> - When the HTTP header method is used to refer to a PRF on another
> host, it only makes sense if the other host has the same file structure
> or if the policy applies to * and/or to all cookies. Otherwise you
> could end up with conflicts. Perhaps this should be pointed out.
> - "Any number of KNOWN-HOST elements can be declared inside a
> POLICY-REF  element or inside the POLICY-REFERENCES element. Known host
> declarations at the POLICY-REFERENCES level are considered to apply to
> all policies in the file, excluding those that have specific
> declarations at the POLICY-REF  level." Is this really necessary? For
> simplicity I think it would be better to put KNOWN-HOST elements only
> inside a POLICY-REF element.
> - We should make clear that there is nothing wrong with sites
> continuing to refer to PRFs on other hosts without using the KNOWN-HOST
> extension. The extension just buys you extra information about the
> relationship.
>> Here are the open questions/issues I would like to discuss with the
>> group:
>> 1. For now, we have dropped the HTTP header mechanism seen in previous
>> drafts. There are two reasons: first of all, changing the P3P HTTP
>> header would require approval of a revised P3P header specification by
>> IETF. Secondly, there is a feeling that the PRF-based mechanism should
>> be a feasible way for user agents to discover this new information,
>> even for those user agents that only use compact policies to manage
>> cookie privacy.
> that makes sense
>> 2. The last section in the draft ("Cookie Playback") states:
>> User agents should be aware that if they allow a cookie to be set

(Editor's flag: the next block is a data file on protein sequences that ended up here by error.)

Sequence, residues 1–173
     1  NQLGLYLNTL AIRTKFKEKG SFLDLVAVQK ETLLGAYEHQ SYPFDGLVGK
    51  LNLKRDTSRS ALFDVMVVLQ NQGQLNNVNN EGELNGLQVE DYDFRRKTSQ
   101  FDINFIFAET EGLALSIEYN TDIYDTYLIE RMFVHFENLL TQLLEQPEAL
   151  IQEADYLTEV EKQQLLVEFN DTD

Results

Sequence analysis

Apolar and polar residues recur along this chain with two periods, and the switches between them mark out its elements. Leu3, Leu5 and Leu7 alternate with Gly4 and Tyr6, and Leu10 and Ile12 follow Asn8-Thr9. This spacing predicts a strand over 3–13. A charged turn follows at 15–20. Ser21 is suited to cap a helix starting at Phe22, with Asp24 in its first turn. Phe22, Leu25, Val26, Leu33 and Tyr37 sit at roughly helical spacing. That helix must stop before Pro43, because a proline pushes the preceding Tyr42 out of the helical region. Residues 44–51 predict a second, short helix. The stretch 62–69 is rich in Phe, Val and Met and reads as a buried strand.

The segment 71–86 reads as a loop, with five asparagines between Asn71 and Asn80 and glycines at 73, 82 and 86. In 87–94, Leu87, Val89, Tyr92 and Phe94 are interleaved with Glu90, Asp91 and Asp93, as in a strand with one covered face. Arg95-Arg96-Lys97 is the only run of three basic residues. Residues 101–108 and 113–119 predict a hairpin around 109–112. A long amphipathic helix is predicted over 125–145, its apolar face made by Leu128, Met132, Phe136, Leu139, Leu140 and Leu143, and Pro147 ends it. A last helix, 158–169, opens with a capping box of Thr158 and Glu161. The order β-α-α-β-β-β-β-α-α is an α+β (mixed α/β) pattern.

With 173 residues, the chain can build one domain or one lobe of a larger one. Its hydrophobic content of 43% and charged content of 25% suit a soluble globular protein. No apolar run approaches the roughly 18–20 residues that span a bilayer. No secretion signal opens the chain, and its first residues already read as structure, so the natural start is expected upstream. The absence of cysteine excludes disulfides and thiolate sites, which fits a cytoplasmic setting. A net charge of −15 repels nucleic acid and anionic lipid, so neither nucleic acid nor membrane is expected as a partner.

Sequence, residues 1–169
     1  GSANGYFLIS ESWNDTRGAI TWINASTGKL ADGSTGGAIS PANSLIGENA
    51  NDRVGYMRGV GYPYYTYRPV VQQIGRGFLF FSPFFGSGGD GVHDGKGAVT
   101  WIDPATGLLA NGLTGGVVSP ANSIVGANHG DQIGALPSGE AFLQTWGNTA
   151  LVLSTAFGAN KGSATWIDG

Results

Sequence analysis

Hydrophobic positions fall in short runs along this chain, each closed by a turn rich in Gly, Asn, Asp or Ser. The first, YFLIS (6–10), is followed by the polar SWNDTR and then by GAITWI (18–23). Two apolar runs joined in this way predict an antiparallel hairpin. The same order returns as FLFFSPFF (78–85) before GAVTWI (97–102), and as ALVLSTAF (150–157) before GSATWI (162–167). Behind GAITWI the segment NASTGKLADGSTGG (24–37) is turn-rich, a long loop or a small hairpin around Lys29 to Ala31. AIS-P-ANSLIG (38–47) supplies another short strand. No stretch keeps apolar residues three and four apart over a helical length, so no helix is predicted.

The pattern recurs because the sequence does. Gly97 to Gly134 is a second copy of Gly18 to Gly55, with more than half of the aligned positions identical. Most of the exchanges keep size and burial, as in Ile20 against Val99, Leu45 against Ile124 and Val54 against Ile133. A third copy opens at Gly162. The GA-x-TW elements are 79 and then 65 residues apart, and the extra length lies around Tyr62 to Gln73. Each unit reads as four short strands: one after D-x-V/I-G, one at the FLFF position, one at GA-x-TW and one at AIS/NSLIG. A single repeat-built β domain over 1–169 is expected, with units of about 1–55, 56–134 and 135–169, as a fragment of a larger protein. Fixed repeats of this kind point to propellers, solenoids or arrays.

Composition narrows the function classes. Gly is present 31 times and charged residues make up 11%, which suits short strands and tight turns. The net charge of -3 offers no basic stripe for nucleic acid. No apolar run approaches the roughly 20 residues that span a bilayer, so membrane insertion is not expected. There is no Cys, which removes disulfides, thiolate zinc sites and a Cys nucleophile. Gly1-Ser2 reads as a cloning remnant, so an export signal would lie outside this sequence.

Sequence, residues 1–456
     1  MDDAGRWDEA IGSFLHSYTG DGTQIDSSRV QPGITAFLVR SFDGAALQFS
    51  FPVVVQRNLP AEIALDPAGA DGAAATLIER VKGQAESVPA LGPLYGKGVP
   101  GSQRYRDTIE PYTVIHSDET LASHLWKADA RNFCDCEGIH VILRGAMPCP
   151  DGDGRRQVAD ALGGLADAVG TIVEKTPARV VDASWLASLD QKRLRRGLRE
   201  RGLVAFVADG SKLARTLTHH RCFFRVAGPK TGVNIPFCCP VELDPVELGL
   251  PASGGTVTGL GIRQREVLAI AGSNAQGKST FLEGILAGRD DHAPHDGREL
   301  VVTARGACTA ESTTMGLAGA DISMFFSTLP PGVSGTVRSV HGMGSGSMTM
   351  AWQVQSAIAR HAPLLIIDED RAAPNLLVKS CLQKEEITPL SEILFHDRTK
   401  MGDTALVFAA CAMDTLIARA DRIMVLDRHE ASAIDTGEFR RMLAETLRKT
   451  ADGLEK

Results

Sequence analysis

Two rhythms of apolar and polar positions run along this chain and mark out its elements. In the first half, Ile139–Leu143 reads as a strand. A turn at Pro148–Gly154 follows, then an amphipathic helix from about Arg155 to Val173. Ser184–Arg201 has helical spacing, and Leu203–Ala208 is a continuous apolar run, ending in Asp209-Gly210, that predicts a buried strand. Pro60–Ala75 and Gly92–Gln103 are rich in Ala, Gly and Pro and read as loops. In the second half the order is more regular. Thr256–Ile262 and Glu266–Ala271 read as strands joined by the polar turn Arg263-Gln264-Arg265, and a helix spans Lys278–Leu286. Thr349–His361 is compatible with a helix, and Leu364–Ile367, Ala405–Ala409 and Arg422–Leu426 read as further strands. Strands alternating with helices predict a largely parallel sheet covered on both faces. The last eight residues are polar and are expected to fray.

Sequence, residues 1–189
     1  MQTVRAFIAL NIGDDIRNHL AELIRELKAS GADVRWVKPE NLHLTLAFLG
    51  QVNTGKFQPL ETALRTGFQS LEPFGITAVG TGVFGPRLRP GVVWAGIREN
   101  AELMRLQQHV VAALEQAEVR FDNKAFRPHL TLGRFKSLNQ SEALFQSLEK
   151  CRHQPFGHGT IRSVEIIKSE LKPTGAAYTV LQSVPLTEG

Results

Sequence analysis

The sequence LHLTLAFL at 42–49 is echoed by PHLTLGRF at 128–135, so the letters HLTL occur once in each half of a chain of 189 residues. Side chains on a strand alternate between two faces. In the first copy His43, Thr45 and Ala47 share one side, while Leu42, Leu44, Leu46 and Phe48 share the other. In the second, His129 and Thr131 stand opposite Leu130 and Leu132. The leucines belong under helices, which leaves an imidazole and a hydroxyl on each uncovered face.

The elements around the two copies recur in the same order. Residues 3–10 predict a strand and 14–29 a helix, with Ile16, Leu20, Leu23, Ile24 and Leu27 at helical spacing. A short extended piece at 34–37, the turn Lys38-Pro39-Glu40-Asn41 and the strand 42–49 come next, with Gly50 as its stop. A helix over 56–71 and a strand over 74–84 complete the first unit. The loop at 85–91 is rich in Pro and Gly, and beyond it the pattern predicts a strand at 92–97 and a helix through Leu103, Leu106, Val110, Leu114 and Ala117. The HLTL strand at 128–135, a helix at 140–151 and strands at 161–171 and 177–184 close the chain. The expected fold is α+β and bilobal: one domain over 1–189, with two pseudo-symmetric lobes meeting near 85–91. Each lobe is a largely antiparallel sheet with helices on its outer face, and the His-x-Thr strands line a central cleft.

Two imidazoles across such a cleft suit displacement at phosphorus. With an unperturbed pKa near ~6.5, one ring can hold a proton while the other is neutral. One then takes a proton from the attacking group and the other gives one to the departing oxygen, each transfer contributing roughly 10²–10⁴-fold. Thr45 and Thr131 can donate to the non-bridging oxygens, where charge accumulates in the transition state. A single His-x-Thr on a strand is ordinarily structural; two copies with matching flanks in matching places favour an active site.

>> based on a relationship established by known host declarations, they
>> should verify that such a relationship exists at cookie playback time,
>> and not send the cookie if it does not. Such verification implies
>> re-fetching the policy reference file and evaluating its known host
>> declarations only if the policy reference file has expired.
>> There is a concern that this language would have an impact on section
>> of the P3P spec, which says that a user agent "MAY request a
>> policy reference file from a host before replaying a cookie to that
>> host". Thoughts?
> The only conflict I see is with "Such verification implies re-fetching
> the policy reference file and evaluating its known host declarations
> only if the policy reference file has expired." which suggests that the
> re-verification should not be done if the PRF has not expired. While
> there is no reason to do it if the PRF has not expired, I don't think
> we need to say it shouldn't be done. What if we said instead "Such
> verification implies re-fetching an expired policy reference file and
> evaluating its known host declarations."
>> 3. The section in the draft entitled "HTTP Header Requirement" states:
>> The KNOWN-HOST extension relies on the use of the "P3P: policyref"
>> HTTP header for one site to refer to a policy reference file on
>> another site. Since policy reference files cannot include full URIs in
>> the POLICY-REF INCLUDE elements, sites that rely on placing their
>> policy reference file in the well-known location have no way of
>> referencing policies hosted on other sites.
>> Is it acceptable to require the use the policyref HTTP header for this
>> case? An alternative might be another PRF extension that would allow
>> one PRF to reference another PRF.
> Hmm... this is not ideal, but I think it is the best solution. If we
> were to add another extension than a user agent that was not aware of
> the extension would not be able to apply the policy at all. As it is
> written now, user agents can still figure out what policy applies even
> if they don't know the extension, they just won't know about the ours
> relationship.
> Lorrie
Received on Tuesday, 17 February 2004 09:43:43 UTC